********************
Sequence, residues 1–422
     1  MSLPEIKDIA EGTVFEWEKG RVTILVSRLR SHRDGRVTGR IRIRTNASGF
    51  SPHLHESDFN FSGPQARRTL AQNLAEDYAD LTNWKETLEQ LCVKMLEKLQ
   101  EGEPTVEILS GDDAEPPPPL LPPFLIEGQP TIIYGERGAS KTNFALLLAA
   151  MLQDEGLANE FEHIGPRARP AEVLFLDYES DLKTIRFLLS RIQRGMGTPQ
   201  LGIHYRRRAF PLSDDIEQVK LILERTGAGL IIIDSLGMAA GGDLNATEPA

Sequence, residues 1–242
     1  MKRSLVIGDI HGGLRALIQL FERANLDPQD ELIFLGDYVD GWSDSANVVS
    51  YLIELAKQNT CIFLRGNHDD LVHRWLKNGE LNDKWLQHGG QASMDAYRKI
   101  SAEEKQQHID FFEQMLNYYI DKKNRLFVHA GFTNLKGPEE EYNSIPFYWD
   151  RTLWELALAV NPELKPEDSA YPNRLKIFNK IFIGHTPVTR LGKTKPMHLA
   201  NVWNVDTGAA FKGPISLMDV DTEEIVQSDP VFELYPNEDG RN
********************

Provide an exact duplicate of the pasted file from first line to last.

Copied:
Sequence, residues 1–422
     1  MSLPEIKDIA EGTVFEWEKG RVTILVSRLR SHRDGRVTGR IRIRTNASGF
    51  SPHLHESDFN FSGPQARRTL AQNLAEDYAD LTNWKETLEQ LCVKMLEKLQ
   101  EGEPTVEILS GDDAEPPPPL LPPFLIEGQP TIIYGERGAS KTNFALLLAA
   151  MLQDEGLANE FEHIGPRARP AEVLFLDYES DLKTIRFLLS RIQRGMGTPQ
   201  LGIHYRRRAF PLSDDIEQVK LILERTGAGL IIIDSLGMAA GGDLNATEPA

Sequence, residues 1–242
     1  MKRSLVIGDI HGGLRALIQL FERANLDPQD ELIFLGDYVD GWSDSANVVS
    51  YLIELAKQNT CIFLRGNHDD LVHRWLKNGE LNDKWLQHGG QASMDAYRKI
   101  SAEEKQQHID FFEQMLNYYI DKKNRLFVHA GFTNLKGPEE EYNSIPFYWD
   151  RTLWELALAV NPELKPEDSA YPNRLKIFNK IFIGHTPVTR LGKTKPMHLA
   201  NVWNVDTGAA FKGPISLMDV DTEEIVQSDP VFELYPNEDG RN